Consider the Consequences: Take the (Free & Confidential) Alcohol Screening Test
For Immediate Release:
April 8, 2009
Vermont Department of Health
BURLINGTON – Friends, family, employers, health care and law enforcement professionals are often the first to let someone know they have a problem with alcohol abuse — before they recognize it themselves. During National Public Health Week, the Vermont Department of Health is encouraging every adult Vermonter to call toll-free 1-800-639-6095 or log on anytime to www.alcoholscreening.org for a quick and confidential alcohol use screening.
“The consequences of excessive drinking have a ripple effect far beyond the individual,” said Barbara Cimaglio, deputy commissioner for Alcohol & Drug Abuse programs for the Vermont Department of Health. “We are all seeing the influence of adults who do not drink responsibly passed down from parent to child. Alcohol abuse contributes to social ills and health care costs associated with a wide range of injuries and diseases. It’s an alarming trend.”
Many Vermonters know first-hand what it is like to live in a home or have a relationship with someone who has a drinking problem. Alcohol is the most commonly abused substance in the state and in the nation.
“Alcohol abuse still seems to be viewed as a societal norm and perceptions need to change,” Cimaglio said. “We’ve succeeded in cutting the smoking rate in half among young people, and adults continue to make the healthy decision not to smoke. Alcohol consumption rates need to decline in the same way. People need to understand how damaging it can be, not only to themselves, but to the next generation of Vermonters as well.”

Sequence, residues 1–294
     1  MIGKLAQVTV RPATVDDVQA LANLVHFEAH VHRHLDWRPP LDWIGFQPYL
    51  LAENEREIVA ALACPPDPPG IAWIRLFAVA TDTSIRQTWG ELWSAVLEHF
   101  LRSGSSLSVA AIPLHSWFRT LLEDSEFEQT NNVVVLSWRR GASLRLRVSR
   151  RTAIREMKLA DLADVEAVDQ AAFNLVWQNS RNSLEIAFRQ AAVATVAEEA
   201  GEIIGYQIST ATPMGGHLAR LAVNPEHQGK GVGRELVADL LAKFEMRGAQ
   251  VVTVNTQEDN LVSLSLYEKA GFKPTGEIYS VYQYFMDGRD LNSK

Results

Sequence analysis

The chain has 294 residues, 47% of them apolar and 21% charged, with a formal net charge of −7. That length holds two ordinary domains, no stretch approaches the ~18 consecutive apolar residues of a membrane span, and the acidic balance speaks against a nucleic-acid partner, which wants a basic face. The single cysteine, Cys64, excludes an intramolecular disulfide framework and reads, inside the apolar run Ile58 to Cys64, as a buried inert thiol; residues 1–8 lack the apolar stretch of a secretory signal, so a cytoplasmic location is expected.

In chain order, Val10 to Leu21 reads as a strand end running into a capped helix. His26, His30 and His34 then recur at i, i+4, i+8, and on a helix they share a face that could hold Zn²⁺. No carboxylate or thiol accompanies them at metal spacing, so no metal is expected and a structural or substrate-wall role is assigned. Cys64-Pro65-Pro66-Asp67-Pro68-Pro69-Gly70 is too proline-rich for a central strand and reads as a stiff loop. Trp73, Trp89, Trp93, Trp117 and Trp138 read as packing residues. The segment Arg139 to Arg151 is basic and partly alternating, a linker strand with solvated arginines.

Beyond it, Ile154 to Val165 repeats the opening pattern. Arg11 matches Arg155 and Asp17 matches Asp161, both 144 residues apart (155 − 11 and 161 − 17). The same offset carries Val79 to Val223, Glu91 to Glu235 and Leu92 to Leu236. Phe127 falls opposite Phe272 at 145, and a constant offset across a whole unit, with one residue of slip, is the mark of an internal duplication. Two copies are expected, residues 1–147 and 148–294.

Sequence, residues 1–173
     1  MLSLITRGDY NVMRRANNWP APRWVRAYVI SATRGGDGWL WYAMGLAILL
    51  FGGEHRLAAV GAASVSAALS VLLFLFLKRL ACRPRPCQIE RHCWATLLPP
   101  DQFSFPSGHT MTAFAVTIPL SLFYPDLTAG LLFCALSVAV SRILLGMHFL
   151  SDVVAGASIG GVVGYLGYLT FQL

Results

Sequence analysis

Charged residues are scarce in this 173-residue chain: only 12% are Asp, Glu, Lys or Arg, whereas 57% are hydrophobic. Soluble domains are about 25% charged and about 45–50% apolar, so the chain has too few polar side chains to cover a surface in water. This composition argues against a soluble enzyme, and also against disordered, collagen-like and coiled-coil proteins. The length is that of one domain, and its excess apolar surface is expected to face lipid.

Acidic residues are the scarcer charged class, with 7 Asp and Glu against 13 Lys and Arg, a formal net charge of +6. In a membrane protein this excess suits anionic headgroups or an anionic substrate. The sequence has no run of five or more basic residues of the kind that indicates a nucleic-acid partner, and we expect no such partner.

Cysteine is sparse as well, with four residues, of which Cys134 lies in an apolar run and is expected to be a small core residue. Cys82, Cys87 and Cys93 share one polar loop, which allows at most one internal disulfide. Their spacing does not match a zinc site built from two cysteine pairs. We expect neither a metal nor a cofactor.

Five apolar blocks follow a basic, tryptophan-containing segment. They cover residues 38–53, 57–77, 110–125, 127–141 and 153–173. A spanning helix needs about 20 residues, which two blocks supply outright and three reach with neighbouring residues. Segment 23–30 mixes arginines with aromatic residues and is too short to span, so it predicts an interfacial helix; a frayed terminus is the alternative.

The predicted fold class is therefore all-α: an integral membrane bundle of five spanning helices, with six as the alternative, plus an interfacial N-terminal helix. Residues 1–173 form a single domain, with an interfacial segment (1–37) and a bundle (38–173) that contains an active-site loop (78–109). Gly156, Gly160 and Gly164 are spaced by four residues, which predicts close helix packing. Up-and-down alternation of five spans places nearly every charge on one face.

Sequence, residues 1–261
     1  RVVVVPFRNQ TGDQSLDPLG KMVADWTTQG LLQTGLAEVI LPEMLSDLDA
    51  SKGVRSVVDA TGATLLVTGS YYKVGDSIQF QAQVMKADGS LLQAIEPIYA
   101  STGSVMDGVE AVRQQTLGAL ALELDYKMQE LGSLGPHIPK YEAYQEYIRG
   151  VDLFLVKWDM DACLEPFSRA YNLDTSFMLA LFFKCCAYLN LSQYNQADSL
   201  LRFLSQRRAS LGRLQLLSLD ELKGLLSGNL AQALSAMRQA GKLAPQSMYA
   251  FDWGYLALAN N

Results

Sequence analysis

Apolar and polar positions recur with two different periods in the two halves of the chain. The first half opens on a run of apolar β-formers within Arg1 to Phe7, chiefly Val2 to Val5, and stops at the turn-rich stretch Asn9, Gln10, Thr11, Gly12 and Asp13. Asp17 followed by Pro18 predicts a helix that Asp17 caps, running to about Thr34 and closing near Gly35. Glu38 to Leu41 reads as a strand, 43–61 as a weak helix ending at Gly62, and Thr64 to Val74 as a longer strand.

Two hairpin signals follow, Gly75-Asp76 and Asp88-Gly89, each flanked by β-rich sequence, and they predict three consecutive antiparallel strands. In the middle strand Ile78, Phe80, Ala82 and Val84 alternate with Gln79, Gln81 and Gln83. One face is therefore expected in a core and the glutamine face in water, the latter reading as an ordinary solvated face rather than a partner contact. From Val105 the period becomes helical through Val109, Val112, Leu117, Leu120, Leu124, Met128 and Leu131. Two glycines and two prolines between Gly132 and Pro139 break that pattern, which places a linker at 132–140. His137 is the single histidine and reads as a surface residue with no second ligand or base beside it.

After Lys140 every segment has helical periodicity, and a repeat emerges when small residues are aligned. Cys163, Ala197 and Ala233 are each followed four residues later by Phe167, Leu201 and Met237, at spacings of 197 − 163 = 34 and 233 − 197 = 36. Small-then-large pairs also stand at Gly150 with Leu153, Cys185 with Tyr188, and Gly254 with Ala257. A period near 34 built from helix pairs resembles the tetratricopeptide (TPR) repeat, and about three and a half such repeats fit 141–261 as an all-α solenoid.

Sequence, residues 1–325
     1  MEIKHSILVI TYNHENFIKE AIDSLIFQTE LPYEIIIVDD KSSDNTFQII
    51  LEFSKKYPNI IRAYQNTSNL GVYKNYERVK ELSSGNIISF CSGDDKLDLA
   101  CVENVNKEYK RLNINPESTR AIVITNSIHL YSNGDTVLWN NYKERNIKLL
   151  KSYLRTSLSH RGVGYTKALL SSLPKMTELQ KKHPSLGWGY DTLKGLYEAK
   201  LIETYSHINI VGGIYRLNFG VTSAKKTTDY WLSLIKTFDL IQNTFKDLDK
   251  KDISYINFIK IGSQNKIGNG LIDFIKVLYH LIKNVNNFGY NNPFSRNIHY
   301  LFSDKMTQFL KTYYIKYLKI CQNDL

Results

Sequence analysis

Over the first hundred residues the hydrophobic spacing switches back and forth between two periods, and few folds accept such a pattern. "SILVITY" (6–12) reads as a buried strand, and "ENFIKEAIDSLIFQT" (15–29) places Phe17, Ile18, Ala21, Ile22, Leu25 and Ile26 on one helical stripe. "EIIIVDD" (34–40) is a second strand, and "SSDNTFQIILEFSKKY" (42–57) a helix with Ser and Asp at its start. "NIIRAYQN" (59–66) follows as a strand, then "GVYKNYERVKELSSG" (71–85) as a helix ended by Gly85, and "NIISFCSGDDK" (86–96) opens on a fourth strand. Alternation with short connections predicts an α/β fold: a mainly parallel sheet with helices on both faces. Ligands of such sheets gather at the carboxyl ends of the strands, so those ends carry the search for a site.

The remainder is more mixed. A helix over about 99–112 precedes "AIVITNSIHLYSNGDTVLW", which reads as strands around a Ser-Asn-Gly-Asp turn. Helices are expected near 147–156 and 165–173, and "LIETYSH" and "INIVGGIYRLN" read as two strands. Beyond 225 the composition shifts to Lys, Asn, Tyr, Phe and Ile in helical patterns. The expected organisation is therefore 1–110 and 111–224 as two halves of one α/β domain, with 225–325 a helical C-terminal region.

A comprehensive public health approach that includes prevention, early intervention, treatment and recovery and involves whole communities can be effective in bringing alcohol consumption rates down. Participating in alcohol screening, Cimaglio said, is a good place to start.
If you choose to drink alcohol, according to the U.S. Department of Health and Human Services, do not have more than one drink per day for women and two drinks per day for men. Drink slowly – no more than one drink per hour, and have food and nonalcoholic beverages.
Adults should be sure that drinks don’t exceed the standard size:
- 12 ounces of regular beer (5 % alcohol)
- 1.5 ounces of 80-proof distilled spirits (40 % alcohol)
- 5 ounces of wine (12 % alcohol)
Some people who should not drink at all:
- Anyone under the age of 21.
- Anyone of any age who cannot limit their drinking.
- Women who may become pregnant or who are pregnant.
- Anyone who plans to drive, operate machinery, or take part in other activities that require attention, skill, or coordination.
- Anyone who is taking prescription or over-the-counter medications that can interact with alcohol.
- People with certain medical conditions.
- People recovering from alcoholism.
More information about prevention and treatment resources, and local Alcohol Awareness Month activities being held throughout Vermont, can be found at the Vermont Department of Health's website at http://healthvermont.gov/adap/adap.aspx.
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For National Public Health Week, the American Public Health Association has launched a viral video - This is What Public Health Does. What Are You Doing? about the important role public health plays in every aspect of our daily lives.
The video is featured on a new web site as the start to a longer campaign — The Healthiest Nation in 1 Generation: http://www.nphw.org/nphw09/default.htm.